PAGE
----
Heal Blog

How Seniors Can Improve Social and Psychological Well-Being Post-Pandemic

July 13, 2022

As we welcome the beginning of summer 2022, many of us are pleased to see that the harshest plights of the pandemic appear to be behind us. As parts of the country and businesses continue to open up and we kick off a “new normal,” all of us—seniors included—have greater opportunities and outlets to prioritize social and psychological well-being in a safe manner.

When you are able to revitalize these aspects of your life, you can ultimately increase life satisfaction and even improve other health outcomes. With that in mind, here are some of Heal’s top tips for seniors to readjust to the wider world in the post-COVID era.

 

1. Make plans to meet with your inner circle

Now that the hardest days of social distancing and “pandemic pods” are in the past, this summer is a great time to reconnect with others face to face. Perhaps you would like to reach out to your family members, long-term friends, or even former co-workers to enjoy the rewards of socializing that many of us took for granted before 2020.

A pleasant day of connecting with others may include:

  • Meeting up at a park
  • Catching up over coffee or tea
  • Taking a stroll with someone in your neighborhood
  • Inviting friends or family members to your home or care facility

If you are able to, traveling to see a friend or relative—whether by car, train, or plane—could add anticipation, variety, and excitement to your life that many people (seniors especially) have lacked since COVID hit.

 

2. Resume hobbies and find new activities

Maybe you contracted COVID and required time to recover from illness, or perhaps you had to self-isolate for an extended period of time. In any case, treat yourself and add merriment to your days by getting back to your favorite activities. You may even discover a new hobby that will bring you joy.

Ideas may include:

  • Enjoying evening strolls in your area
  • Trying a new fitness activity such as water aerobics or tai chi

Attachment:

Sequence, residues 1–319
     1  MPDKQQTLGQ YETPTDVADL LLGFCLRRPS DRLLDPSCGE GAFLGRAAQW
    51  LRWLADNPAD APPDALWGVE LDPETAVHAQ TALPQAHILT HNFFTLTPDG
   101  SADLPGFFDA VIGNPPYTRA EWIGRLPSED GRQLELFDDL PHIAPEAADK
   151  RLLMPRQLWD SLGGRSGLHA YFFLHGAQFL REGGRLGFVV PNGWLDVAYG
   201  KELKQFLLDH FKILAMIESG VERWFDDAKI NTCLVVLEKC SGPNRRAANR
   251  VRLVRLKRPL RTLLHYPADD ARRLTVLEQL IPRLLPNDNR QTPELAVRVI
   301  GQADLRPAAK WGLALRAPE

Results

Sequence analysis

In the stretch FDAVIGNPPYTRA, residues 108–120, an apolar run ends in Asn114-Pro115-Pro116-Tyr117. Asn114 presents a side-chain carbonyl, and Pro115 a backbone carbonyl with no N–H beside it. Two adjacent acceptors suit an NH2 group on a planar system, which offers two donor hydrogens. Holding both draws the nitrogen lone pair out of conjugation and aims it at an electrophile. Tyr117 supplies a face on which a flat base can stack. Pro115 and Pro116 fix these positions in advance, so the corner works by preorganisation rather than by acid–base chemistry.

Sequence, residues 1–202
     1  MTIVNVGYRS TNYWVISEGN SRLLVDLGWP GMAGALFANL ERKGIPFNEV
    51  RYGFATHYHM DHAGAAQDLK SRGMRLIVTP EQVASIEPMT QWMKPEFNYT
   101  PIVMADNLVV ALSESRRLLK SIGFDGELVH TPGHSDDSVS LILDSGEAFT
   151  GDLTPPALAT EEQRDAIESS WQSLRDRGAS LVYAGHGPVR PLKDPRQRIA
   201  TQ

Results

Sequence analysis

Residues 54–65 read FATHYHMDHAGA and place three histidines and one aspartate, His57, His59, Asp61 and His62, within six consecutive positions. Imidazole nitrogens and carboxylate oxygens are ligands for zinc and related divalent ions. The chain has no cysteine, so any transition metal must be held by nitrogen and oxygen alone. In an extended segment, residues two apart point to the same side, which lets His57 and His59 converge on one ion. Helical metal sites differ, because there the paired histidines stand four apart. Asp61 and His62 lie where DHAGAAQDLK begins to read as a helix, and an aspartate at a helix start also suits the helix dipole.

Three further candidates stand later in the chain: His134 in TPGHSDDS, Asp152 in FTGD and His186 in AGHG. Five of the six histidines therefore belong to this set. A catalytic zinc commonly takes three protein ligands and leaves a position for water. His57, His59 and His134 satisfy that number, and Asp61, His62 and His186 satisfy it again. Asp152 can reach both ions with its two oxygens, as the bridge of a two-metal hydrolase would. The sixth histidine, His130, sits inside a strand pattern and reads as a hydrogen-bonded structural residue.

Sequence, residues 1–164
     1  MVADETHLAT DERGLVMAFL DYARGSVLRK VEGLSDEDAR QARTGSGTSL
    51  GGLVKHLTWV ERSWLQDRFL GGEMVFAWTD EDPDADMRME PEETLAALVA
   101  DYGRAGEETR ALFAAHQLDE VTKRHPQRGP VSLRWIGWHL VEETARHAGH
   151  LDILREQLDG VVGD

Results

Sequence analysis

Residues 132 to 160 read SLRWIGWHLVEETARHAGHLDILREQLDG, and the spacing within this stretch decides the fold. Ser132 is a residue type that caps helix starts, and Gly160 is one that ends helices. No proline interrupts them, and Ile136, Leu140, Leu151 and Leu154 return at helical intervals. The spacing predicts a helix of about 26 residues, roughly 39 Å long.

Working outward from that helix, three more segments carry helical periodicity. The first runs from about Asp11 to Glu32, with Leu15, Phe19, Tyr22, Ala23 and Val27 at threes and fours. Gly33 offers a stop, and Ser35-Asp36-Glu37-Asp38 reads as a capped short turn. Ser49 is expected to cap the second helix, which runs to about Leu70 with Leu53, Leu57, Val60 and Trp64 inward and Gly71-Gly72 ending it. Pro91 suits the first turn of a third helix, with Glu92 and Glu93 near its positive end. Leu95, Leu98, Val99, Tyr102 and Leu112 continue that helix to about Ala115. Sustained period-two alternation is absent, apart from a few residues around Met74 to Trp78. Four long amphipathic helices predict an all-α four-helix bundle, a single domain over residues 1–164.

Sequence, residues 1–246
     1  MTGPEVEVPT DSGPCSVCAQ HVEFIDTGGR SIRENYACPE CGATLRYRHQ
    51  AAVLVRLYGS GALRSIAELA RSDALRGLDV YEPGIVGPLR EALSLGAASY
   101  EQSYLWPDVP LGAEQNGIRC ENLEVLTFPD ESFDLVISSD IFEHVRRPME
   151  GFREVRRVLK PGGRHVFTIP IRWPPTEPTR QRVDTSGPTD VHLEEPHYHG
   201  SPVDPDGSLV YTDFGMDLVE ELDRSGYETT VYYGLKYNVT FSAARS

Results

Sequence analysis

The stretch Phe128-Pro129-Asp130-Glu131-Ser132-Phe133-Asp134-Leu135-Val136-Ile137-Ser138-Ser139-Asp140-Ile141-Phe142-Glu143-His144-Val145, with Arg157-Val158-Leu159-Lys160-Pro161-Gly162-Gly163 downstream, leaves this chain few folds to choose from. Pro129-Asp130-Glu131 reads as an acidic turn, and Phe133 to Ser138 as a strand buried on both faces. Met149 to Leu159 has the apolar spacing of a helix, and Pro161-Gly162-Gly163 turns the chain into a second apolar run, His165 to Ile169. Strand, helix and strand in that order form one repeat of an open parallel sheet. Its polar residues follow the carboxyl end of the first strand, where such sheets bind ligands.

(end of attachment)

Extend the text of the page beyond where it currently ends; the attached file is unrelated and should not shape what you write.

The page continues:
• Attending a concert or play
  • Going to see a movie in theaters (some of which may offer discounts for seniors)
  • Enrolling in a healthy cooking class
  • Learning a new skill at a recreational or community center

Of course, you do not need to leave your home to enjoy certain hobbies and interests, such as reading, listening to music, and learning. However, the added social aspect can enhance your enjoyment of certain activities and provide easy conversation starters. Plus, sharing common interests with others is known to increase bonding and a sense of belonging, which can especially help seniors combat feelings of isolation.

 

3. Join a support group

During later stages of life, seniors tend to face a set of unique challenges. They may struggle with certain medical conditions, experience unwanted side effects from medications, or may generally have a tough time adjusting to and accepting physical changes associated with aging. In addition, seniors typically have fewer opportunities to socialize day to day, which can contribute to feelings of sadness or loneliness.

However, it is important to remember that you are not alone in your struggles. Many seniors will face similar feelings and experiences as you do. Finding a like-minded group of people to discuss these challenges in a safe space can help you overcome the burden of feeling like you are entirely on your own.

There are countless support groups available, both in person and even virtually, in which you can find common ground and community with others. Such groups may include:

  • Grief groups for widows and widowers
  • Groups for adults with specific health conditions and medical problems such as diabetes, different types of cancer, and cognitive decline
  • Groups for seniors coming to terms with a lack of mobility
  • Support groups for adults struggling with depression or anxiety

If you are unsure where to find groups in your area or online, do not hesitate to ask for help from a friend, family member, or caregiver.

 

4. Get out of your comfort zone and do not limit yourself

If you are hesitant to re-enter the social world, are worried about trying something new, or are simply a shy person, the goal is to take one step at a time in the right direction. It is understandable to be nervous to meet new people or engage in new hobbies as a senior, particularly if you don’t feel like your old self or are self-conscious otherwise. Also, it may take an adjustment period to get back into the swing of things if you did not have the ability to socialize with others due to COVID or any other number of factors.

No matter what the case may be, you will likely find that the proven joys and perks of socialization will triumph over any anxieties you may have. In fact, studies show that social participation can positively influence diseases, mortality, and quality of life.

 

So go ahead and call a friend, sign up for a new class, or find a support group to help you come to terms with a unique concern you may have been struggling with silently. The benefits of doing so are ready and waiting for you.